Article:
Suddenly playing the charming bad guy was my thing.
--Ray Liotta (1954-2022)
Singer and comedian--no, no, that's not right--comedian and singer--no, I had it right the first time--singer and comedian Dennis Day was born on this day in 1916 (he died in 1988.) Day thought of himself as a singer first and a comedian second, and I have to respect that. Yet watching this clip from the once-popular game show What's My Line, it's hard for me not to think of him as first and foremost a comedian:
If you haven't figured it out, the way the What's My Line mystery guest segment worked is the blindfolded celebrity was allowed to keep asking questions as long as each answer approximated a "yes". A "no" and the next celebrity to the right got their turn, or if you were at the very right, as was Random House publisher and best-selling joke anthologist Bennett Cerf, then the next celebrity up would be the one at the very left, in this case Broadway gossip columnist and occasional true-crime journalist Dorothy Kilgallen. Dorothy's string of correct guesses was unusual. In most cases, there's were enough "no" answers to go around, assuring each panelist got a chance to ask a question. I suspect it was no accident that the line of questioning began with stage and radio actress Arlene Francis, that the producers hoped that the segment would reach an exciting climax once radio comedian Fred Allen's turn came up. If I'm right, then obviously, things didn't go according to plan. Why does it matter? Well, in the larger scheme of things it really doesn't, except that Allen previously had been engaged in decades-long mock feud with...
It's more than nerves at stake in this gangster film parody:
By 1968 both the long-running radio show and the long-running TV show were off-the-air, but Benny and Day occasionally found things to do together, such as this Texaco commercial. Day is in his early 50s by now, but gamely still plays the insouciant youth of yore:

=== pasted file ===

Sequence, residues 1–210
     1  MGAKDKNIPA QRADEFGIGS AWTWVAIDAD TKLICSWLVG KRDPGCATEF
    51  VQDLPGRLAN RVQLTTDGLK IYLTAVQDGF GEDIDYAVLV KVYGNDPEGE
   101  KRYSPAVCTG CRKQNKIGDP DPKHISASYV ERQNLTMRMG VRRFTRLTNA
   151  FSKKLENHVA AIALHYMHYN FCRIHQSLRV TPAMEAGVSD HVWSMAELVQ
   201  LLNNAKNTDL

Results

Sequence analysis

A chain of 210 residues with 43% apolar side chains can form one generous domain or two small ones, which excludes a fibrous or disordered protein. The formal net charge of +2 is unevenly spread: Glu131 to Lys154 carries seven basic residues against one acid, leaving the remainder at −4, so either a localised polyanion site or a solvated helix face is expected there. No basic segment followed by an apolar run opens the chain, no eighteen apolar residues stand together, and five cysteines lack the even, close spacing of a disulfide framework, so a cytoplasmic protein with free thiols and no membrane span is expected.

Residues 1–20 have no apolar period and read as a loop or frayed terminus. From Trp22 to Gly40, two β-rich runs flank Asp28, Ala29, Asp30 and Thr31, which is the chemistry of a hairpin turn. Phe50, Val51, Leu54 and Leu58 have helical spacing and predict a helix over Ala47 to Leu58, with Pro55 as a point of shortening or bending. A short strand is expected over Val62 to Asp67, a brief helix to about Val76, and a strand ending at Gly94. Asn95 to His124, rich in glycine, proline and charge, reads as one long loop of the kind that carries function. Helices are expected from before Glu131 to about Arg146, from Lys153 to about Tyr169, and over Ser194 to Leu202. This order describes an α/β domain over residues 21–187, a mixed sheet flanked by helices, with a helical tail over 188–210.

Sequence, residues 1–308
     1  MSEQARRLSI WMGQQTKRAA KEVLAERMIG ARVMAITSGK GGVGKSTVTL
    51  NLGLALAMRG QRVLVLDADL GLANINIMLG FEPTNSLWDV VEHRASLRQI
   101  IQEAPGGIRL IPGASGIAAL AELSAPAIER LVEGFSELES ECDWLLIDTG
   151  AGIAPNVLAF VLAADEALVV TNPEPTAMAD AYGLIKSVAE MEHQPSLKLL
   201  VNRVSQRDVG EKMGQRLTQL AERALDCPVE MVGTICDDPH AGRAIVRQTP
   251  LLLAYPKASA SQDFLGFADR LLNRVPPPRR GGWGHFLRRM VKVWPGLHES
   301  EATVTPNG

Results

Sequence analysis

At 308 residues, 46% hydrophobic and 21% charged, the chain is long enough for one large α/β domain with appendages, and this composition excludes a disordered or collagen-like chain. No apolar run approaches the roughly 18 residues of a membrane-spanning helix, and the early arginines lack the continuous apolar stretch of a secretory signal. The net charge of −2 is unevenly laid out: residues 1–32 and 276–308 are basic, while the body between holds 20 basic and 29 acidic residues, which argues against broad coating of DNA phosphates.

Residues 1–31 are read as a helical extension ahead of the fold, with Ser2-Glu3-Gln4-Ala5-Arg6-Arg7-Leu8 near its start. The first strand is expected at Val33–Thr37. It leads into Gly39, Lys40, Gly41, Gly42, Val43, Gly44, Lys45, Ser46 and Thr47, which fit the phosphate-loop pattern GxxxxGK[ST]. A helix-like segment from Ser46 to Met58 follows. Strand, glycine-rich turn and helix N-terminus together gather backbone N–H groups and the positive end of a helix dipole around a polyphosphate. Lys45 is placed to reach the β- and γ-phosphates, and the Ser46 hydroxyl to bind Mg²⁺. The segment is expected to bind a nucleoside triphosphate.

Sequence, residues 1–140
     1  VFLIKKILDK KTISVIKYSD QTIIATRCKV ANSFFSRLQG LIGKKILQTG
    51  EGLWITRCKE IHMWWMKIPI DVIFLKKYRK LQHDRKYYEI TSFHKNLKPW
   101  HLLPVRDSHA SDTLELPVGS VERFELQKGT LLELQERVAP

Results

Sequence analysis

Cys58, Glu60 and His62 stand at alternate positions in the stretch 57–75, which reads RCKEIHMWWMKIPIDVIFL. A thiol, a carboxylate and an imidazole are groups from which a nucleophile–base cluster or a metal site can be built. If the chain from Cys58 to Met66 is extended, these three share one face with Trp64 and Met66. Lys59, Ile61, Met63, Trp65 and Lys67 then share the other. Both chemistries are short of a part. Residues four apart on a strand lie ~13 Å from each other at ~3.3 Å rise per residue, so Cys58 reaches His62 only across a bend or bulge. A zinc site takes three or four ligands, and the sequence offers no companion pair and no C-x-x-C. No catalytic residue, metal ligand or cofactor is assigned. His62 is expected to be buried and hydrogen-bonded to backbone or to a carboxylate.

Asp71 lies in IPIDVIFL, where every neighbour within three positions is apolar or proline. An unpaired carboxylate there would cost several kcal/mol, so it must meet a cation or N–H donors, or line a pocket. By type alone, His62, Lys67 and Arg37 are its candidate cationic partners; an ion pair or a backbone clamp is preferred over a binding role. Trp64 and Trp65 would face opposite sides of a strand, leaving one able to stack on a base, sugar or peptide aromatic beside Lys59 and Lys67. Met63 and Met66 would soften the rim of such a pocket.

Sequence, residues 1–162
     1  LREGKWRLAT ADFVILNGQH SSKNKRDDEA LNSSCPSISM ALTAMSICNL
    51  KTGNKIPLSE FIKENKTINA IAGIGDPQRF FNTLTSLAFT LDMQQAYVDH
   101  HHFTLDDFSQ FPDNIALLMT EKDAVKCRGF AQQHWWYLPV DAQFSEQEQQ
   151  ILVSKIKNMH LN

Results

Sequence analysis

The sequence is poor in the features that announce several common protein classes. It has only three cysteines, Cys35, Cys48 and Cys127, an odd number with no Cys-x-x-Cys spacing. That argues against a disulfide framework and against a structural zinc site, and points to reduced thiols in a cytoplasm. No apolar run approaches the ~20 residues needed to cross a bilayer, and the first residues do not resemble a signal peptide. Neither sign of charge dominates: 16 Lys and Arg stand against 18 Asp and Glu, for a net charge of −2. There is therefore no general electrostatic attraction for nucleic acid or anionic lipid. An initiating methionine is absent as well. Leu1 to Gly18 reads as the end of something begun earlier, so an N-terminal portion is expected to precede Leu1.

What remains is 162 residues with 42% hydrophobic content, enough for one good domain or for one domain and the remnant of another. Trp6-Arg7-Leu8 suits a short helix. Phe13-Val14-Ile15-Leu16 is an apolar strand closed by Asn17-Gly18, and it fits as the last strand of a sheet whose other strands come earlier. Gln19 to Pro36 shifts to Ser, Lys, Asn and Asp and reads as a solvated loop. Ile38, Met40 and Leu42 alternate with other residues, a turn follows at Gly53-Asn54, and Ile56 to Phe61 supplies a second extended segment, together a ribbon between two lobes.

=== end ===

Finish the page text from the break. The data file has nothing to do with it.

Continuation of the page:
Life before the self-serve pump.
OK, I've said Day was also, even primarily, a singer, but what did he sing? Usually novelty-numbers, especially when he sang on TV. But the son of Irish immigrants seemed particularly drawn to...
...Irish songs (or songs written in America about Ireland.) Here's one such song. Longtime Benny announcer Don Wilson provides a bit of musical accompaniment towards the end:
Maybe Day was a singer after all. A comedian shouldn't let the announcer have the last laugh.
Not even gays. Most would be surprised. Only because what you see on TV, a serious guy in a suit, unsmiling, isn’t how anyone thinks of gay males.
--actor Richard Deacon (Leave It to Beaver, The Dick Van Dyke Show), on how aware the general public was of his sexual orientation.
*Sigh*. First Neal Adams, now George Pérez. The latter recently deceased comic book artist mentions the former recently deceased comic book artist, and a few other people, in this 2014 clip from one of the many comic book conventions he's attended:
Listen to them cavalierly toss that word "nerd" around. I guess it's a way of "owning" the one-time slur, the same way some blacks use the N-word or the increasing popularity of "queer" among the LGBTQ community. I get it, but when it comes to the graphic arts, I'd prefer to think of such so-called nerds (or geeks) as the comics cognoscenti.